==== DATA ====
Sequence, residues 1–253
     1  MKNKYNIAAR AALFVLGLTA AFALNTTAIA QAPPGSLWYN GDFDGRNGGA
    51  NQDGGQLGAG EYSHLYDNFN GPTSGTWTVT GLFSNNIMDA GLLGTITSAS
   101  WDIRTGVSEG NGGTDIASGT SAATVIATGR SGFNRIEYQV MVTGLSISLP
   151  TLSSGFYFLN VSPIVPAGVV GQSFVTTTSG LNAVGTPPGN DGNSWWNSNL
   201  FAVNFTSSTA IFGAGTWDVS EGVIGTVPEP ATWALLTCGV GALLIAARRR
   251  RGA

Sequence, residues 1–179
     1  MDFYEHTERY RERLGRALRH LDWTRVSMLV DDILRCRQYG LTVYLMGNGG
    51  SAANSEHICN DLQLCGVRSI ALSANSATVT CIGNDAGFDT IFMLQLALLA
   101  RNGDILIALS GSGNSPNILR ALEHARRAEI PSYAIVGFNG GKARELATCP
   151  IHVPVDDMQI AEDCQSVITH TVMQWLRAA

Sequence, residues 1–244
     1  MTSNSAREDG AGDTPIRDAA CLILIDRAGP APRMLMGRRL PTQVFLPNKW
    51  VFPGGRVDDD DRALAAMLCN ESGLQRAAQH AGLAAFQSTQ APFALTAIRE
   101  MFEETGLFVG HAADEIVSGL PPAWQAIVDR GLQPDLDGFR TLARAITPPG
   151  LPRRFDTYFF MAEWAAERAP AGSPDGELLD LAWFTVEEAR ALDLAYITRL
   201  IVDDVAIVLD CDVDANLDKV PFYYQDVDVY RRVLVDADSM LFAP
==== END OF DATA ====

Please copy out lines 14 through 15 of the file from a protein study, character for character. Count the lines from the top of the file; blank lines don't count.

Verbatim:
     1  MTSNSAREDG AGDTPIRDAA CLILIDRAGP APRMLMGRRL PTQVFLPNKW
    51  VFPGGRVDDD DRALAAMLCN ESGLQRAAQH AGLAAFQSTQ APFALTAIRE